number of observations in each country is reported in Table 1. Robust standard errors are in
parentheses.
Country
Australia
Austria
Bangladesh
Barbados
Belgium
g( (se)
A
R
Rank of g(
A
0.681
0.835
0.131
0.072
0.803
(0.134)
(0.085)
(0.120)
(0.123)
(0.098)
0.065
0.182
0.007
0.002
0.137
14
8
54
60
11
!0.202
0.134
0.547
0.294
0.130
(0.128)
(0.149)
(0.115)
(0.100)
(0.108)
0.013
0.010
0.038
0.021
0.006
65
53
26
40
55
Cyprus
Denmark
Ecuador
Egypt
El Salvador
0.421
0.853
0.305
0.326
0.262
(0.117)
(0.123)
(0.071)
(0.069)
(0.165)
0.037
0.131
0.031
0.050
0.027
30
6
39
36
46
Ethiopia
Fiji
Finland
France
Germany
0.135
0.154
0.557
0.893
0.988
(0.247)
(0.133)
(0.087)
(0.075)
(0.061)
0.002
0.007
0.059
0.289
0.364
52
51
25
4
1
Greece
Guatemala
Hong Kong
India
Indonesia
0.635
0.633
0.948
0.100
0.217
(0.104)
(0.091)
(0.132)
(0.097)
(0.077)
0.064
0.176
0.166
0.003
0.020
20
21
2
57
50
Iran
Ireland
Israel
Italy
Japan
0.446
0.666
0.263
0.652
0.819
(0.067)
(0.114)
(0.107)
(0.063)
(0.074)
0.116
0.069
0.012
0.220
0.174
29
15
45
16
9
Jordan
Kenya
Korea (South)
0.322 (0.096)
0.068 (0.389)
0.646 (0.089)
0.053
0.000
0.082
37
61
18
Bolivia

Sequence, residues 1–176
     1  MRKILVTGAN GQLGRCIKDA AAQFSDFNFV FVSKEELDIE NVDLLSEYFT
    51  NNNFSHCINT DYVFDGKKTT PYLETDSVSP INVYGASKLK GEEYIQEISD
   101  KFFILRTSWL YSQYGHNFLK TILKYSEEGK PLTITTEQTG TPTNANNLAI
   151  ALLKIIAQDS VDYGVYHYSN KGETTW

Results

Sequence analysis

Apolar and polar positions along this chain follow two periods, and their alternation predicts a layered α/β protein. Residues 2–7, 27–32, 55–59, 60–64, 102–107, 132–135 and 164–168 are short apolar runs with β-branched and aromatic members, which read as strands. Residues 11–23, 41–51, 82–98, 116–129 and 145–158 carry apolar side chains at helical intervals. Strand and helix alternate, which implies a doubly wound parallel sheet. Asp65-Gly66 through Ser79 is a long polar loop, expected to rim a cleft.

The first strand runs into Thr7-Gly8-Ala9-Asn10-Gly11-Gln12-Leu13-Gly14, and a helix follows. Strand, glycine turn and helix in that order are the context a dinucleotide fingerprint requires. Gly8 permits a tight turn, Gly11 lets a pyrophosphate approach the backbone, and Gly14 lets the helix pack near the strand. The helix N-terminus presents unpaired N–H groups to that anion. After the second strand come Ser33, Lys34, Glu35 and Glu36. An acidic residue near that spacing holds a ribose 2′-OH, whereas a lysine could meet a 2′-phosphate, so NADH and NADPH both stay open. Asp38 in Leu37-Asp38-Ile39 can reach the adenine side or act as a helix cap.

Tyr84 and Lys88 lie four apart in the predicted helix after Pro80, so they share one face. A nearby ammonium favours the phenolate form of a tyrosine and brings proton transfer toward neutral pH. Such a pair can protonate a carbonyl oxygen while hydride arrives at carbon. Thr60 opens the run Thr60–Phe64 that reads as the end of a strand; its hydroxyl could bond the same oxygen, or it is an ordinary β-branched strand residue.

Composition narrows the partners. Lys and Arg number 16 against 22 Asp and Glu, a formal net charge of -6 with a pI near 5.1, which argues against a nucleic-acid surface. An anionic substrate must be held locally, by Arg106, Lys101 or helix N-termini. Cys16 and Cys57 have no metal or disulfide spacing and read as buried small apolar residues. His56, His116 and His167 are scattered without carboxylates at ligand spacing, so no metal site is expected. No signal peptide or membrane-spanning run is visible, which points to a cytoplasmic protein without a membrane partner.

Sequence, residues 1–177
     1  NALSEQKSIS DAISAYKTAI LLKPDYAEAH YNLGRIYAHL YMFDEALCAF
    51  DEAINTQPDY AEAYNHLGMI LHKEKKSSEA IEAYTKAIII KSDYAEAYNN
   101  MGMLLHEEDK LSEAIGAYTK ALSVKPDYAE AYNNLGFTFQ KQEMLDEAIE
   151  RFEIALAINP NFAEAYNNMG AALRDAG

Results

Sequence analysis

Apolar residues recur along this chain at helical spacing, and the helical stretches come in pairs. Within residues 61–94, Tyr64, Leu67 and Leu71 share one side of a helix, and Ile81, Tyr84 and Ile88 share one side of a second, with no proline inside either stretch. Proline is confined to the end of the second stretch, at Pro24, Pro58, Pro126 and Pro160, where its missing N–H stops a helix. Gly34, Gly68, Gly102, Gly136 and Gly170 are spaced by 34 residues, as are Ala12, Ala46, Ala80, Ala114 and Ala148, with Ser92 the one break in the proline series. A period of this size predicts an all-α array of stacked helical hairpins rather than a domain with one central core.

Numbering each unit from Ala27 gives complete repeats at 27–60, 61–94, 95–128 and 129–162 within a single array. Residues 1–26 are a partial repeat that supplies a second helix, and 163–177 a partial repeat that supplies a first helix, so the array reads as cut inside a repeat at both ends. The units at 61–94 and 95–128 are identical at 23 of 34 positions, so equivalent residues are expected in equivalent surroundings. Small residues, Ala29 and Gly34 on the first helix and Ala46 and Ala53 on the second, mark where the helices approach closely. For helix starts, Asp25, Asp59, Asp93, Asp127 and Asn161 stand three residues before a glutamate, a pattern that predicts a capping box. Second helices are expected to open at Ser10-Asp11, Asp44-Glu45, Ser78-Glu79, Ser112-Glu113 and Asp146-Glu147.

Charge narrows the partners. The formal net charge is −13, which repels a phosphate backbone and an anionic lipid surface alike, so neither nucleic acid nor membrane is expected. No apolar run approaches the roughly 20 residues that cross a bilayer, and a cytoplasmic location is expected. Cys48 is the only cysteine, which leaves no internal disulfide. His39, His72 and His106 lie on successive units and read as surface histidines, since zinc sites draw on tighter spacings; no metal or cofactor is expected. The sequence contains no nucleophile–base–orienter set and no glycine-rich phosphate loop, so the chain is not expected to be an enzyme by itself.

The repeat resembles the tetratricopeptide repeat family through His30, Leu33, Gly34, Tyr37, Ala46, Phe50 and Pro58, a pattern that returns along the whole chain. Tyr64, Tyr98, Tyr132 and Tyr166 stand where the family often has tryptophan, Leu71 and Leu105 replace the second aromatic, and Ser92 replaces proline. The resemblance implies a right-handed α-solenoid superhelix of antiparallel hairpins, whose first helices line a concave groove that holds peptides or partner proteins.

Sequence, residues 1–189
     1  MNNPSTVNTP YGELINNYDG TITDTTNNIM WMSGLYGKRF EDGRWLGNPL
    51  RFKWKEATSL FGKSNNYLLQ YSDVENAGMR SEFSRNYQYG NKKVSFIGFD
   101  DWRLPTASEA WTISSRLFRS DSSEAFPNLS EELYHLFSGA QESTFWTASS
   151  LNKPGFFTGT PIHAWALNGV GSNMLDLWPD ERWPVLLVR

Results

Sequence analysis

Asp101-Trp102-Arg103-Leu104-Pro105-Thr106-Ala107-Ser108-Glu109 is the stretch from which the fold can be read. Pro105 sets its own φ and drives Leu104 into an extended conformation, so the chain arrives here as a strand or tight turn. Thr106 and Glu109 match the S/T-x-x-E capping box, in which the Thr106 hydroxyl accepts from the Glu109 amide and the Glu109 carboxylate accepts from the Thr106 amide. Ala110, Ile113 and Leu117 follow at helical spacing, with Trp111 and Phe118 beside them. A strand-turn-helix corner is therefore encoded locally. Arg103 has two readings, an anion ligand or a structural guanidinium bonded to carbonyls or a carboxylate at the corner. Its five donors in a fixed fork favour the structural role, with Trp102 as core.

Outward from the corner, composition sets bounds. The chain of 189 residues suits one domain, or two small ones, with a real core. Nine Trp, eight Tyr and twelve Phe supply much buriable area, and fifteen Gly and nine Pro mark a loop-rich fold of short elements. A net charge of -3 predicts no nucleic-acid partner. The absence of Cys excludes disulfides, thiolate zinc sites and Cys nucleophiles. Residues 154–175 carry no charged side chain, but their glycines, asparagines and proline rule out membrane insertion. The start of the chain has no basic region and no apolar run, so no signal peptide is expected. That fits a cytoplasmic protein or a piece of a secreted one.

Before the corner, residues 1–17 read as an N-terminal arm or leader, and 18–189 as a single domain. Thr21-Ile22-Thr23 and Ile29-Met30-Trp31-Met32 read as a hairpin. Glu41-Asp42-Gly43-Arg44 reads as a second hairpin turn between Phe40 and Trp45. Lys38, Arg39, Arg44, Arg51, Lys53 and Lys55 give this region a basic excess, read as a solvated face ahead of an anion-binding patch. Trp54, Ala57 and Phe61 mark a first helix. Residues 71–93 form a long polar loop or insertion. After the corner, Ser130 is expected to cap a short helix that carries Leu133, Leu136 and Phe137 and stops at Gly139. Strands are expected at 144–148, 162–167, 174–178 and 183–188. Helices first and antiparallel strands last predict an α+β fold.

Cameroon
Canada
Chile
Colombia
J. Wurgler / Journal of Financial Economics 58 (2000) 187}214
201
Table 2 (continued)
Country
g( (se)
A
R
Rank of g(
A
Kuwait
Libya
0.047 (0.087)
0.387 (0.122)
0.001
0.082
63
31
Macao
Malawi
Malaysia
Malta
Mexico
0.237
0.075
0.285
0.268
0.344
(0.147)
(0.115)
(0.118)
(0.102)
(0.114)
0.017
0.003
0.019
0.016
0.034
32
59
42
44
34
Morocco
Netherlands
New Zealand
Nigeria
Norway
0.638
0.573
0.896
0.364
0.575
(0.227)
(0.093)
(0.130)
(0.106)
(0.093)
0.066
0.074
0.125
0.070
0.056
19
24
3
33
23
Pakistan
Panama
Peru
Philippines
Portugal
0.255
0.064
0.651
0.313
0.539
(0.130)
(0.125)
(0.081)
(0.075)
(0.097)
0.027
0.001
0.234
0.042
0.068
47
62
17
38
27
0.486
0.867
0.273
!0.069
0.852
(0.088)
(0.077)
(0.156)
(0.217)
(0.083)
0.049
0.175
0.029
0.002
0.159
28
5
43
64
7
Tanzania
Trindad & Tobago
Tunisia
Turkey
United Kingdom
0.087
0.340
0.287
0.242
0.812
(0.102)
(0.250)
(0.116)
(0.072)
(0.092)
0.003
0.032
0.020
0.021